Brexit red tape leads to food waste worries

By Jerome Smail contact

- Last updated on GMT

Brexit-related red tape is holding up food supplies at borders. Pic: Getty Images
Brexit-related red tape is holding up food supplies at borders. Pic: Getty Images

Related tags: Supply chain, Meat & Seafood

Concerns over food waste have been raised within the meat and seafood industries following border delays as a result of the new UK customs system.

Red tape involving the export of food products following the UK’s exit from the EU has reportedly led to the loss of perishable goods as orders are held up at ports around Europe.

The British Meat Processors Association (BMPA) has received ‘a growing number of calls’ from meat companies experiencing problems at the borders.

Thrown away

According to the BMPA, every hour a lorry load of meat is delayed increases the chance of the order being reduced in price, cancelled and returned or, in the most severe cases, thrown away and ending up in landfill.

Nick Allen, CEO of the BMPA, said: “Drivers have been reporting long delays as they wait for HMRC to process the customs documents.

“One of our members reported on 11 January that he had six lorry loads of product ​[value around £300,000] all waiting for customs clearance into the Republic of Ireland. At the time, one of those loads was about to be returned to the processing company after waiting five days for clearance.”

The current certification system is a ‘20th century relic and not fit for purpose for a modern just-in-time food supply chain’, according to the BMPA. The organisation is calling for current customs and certification system to be modernised and digitised.

Severe delays

The Scottish Seafood Association has also warned of waste resulting from backlogs due to post-Brexit red tape. However, Seafood Scotland welcomed the Government's recent pledge of £23m in funds to support suppliers in the sector hit by such delays.

Delays have been caused by the time it takes to get an Export Health Certificate for both wild-caught fish and farmed salmon. Vets are required to sign off each consignment and it has been claimed that the process is taking up to six times longer than expected.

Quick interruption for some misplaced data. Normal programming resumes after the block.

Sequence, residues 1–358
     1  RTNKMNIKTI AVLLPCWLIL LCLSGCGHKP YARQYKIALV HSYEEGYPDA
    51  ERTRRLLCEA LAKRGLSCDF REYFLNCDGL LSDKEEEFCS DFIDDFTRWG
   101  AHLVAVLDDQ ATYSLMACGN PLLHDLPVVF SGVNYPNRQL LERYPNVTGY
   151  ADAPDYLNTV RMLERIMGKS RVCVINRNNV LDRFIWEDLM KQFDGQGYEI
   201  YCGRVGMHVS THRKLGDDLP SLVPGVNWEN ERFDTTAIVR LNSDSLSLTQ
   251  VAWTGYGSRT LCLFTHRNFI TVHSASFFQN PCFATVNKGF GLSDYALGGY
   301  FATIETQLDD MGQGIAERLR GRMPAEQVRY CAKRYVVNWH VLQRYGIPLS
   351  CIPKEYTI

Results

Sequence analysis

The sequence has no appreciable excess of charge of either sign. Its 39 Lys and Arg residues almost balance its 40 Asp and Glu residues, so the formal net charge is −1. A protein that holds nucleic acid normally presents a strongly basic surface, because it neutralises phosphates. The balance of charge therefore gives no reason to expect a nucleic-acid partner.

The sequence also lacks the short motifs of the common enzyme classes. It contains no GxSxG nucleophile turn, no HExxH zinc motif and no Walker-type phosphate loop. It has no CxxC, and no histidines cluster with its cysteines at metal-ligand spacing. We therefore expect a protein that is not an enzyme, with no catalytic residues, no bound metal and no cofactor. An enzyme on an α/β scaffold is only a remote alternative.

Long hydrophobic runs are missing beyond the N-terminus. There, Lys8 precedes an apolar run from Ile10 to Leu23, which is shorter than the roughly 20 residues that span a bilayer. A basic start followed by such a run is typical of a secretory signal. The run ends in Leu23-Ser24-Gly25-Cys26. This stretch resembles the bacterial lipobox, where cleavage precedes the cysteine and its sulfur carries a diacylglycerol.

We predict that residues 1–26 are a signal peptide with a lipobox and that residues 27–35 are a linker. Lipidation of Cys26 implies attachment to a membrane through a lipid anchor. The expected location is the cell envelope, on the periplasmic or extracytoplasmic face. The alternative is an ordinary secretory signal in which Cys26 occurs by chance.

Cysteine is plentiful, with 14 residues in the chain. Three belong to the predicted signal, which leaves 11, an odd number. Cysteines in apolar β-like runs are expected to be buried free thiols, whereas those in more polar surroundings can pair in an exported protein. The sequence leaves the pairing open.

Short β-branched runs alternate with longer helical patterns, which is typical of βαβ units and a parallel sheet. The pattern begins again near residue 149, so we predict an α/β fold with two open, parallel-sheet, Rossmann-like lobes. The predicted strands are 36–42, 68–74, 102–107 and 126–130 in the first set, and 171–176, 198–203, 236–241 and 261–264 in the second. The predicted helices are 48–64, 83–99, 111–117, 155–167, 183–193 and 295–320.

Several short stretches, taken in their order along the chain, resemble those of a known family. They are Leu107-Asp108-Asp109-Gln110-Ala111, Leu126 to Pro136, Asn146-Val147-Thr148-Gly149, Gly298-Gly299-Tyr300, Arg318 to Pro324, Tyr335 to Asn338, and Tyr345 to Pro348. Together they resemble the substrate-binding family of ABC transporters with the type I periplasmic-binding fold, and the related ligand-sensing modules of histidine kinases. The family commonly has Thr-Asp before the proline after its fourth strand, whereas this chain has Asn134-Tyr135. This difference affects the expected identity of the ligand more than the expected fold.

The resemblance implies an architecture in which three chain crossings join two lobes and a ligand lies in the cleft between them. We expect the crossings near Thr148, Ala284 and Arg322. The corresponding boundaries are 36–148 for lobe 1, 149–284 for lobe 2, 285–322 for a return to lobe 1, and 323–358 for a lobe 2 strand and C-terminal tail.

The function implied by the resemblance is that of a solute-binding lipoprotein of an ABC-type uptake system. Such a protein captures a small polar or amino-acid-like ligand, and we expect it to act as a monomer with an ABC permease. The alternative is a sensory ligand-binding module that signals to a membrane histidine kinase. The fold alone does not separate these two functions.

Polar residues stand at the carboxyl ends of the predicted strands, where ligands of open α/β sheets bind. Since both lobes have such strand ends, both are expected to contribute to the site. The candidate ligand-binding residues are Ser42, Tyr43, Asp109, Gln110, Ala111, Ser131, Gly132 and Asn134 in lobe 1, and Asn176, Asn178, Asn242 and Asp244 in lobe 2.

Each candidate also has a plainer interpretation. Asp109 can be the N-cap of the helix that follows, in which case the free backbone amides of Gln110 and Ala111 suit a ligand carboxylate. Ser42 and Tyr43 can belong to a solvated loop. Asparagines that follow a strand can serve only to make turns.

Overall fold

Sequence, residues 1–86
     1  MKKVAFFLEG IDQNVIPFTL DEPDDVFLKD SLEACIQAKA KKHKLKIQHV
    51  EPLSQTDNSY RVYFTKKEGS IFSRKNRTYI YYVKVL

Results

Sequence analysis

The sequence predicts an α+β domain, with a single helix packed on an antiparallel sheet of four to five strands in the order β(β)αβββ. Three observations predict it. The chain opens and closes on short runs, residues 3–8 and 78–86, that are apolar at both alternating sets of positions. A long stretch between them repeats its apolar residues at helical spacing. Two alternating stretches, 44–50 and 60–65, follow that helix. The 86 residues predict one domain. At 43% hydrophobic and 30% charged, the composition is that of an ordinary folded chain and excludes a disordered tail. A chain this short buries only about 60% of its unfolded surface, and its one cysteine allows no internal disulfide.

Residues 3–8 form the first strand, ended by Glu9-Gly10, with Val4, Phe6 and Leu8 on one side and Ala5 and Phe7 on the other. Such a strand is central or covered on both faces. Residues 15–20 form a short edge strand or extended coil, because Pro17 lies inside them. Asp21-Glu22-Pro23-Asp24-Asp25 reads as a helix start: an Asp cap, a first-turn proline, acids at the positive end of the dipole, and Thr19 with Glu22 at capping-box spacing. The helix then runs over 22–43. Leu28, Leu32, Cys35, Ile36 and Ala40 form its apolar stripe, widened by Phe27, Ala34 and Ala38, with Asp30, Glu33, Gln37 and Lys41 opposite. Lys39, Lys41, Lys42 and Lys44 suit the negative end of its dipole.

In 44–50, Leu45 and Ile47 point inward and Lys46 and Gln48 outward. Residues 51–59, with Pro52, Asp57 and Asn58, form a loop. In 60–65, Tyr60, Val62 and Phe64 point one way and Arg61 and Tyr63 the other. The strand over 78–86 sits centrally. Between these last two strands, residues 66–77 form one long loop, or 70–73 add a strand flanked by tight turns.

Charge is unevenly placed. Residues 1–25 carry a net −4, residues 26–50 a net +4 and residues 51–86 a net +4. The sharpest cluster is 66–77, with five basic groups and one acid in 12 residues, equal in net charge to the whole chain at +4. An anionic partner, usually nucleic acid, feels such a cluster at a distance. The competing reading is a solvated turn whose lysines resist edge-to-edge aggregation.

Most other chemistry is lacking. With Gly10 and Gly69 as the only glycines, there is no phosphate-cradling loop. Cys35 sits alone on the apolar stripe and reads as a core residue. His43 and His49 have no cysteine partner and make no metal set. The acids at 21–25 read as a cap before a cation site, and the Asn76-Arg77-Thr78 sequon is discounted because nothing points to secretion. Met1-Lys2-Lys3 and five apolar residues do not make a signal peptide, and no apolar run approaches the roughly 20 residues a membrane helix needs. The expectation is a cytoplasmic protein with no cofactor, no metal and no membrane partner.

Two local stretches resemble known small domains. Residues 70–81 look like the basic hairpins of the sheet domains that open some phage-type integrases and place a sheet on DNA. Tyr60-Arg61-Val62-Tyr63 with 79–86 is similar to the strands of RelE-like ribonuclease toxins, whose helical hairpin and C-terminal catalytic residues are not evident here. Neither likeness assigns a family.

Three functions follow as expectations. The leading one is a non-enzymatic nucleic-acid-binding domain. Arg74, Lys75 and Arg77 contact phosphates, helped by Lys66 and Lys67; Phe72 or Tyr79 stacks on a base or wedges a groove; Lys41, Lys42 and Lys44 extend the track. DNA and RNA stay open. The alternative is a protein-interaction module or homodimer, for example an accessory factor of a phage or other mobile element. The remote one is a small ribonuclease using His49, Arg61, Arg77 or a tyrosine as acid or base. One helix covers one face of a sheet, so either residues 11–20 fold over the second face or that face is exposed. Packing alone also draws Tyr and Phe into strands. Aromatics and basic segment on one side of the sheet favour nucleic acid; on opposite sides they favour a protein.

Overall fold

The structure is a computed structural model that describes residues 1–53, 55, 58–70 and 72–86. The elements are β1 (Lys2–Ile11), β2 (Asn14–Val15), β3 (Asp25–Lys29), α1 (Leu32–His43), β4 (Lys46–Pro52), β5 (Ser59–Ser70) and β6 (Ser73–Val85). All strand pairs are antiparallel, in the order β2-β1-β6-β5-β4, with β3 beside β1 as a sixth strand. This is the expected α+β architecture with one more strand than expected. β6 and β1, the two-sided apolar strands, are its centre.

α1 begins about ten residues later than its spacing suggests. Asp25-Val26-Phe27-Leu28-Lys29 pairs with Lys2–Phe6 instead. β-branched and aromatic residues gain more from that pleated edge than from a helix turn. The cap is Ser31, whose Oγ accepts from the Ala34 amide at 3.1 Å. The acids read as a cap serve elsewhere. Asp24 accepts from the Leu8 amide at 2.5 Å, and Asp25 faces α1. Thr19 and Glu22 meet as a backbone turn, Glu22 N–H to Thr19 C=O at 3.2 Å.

Jimmy Buchan, chief executive of the SSA, said: “Trucks laden with fresh seafood are being held up in central Scotland due to problems with customs barcodes and lack of veterinary service capacity.

“Instead of representative samples being removed from trucks and checked, entire trailers are being emptied so that every box and label can be checked.”

Industry support

Prime minister Boris Johnson has pledged a £23m support package for the Scottish seafood industry following the border problems resulting from both Brexit and COVID-19 restrictions.

Donna Fordyce, chief executive of Seafood Scotland said: “After almost three weeks of voicing their concerns and frustrations, we welcome the fact that the Scottish seafood sector has been heard and action is being taken. While we await the full detail of the package, we know that there will be questions around the extent to which it supports the entire supply chain, from fleet to export. 

“As we currently understand it, the deal offers crucial short-term assistance and includes much to be welcomed, particularly the £23m of new funding. It is also reassuring to see that the processing sector is set to be included in future support packages. This will offer a ray of light to some small and medium sized companies that have experienced crippling losses over the past few weeks.  However, larger companies and smaller shellfish boats are still vulnerable, and will be hoping that they can access support too.  

“Money will offer a much needed sticking plaster covering the losses over the last few weeks, but to completely staunch the wound, the sector still needs a period of grace during which the systems must be overhauled so they are fit for purpose. It is also essential that groupage returns to a fully operational state as a matter of urgency.”  

Supply surplus

While the issue of perishable food loss has been brought into sharp focus by delays and backlogs at the borders, there is also the possibility that Brexit will have a longer-term impact on the levels of waste and surplus in the food supply chain.

The food charity FareShare is monitoring the situation. Around 30% of the food the organisation redistributes comes from retailers, with the rest from farmers, producers and manufacturers higher up the chain.

“Although as yet we have not seen a notable difference in surplus food volumes from the supply chain, we have a robust infrastructure in place and are ready to receive large quantities of food, which may become surplus as a result of Brexit, whenever and wherever we can,”​ said Lindsay Boswell, CEO of FareShare.

“As we’ve demonstrated throughout the COVID-19 pandemic, we are always ready to work at short notice with the food industry and with charities across the UK, to ensure that that no good food goes to waste,”​ she added.

“During lockdown, the amount of food we redistributed from the food service industry increased seven-fold, due to businesses including restaurants, hotels and pubs having to close.”

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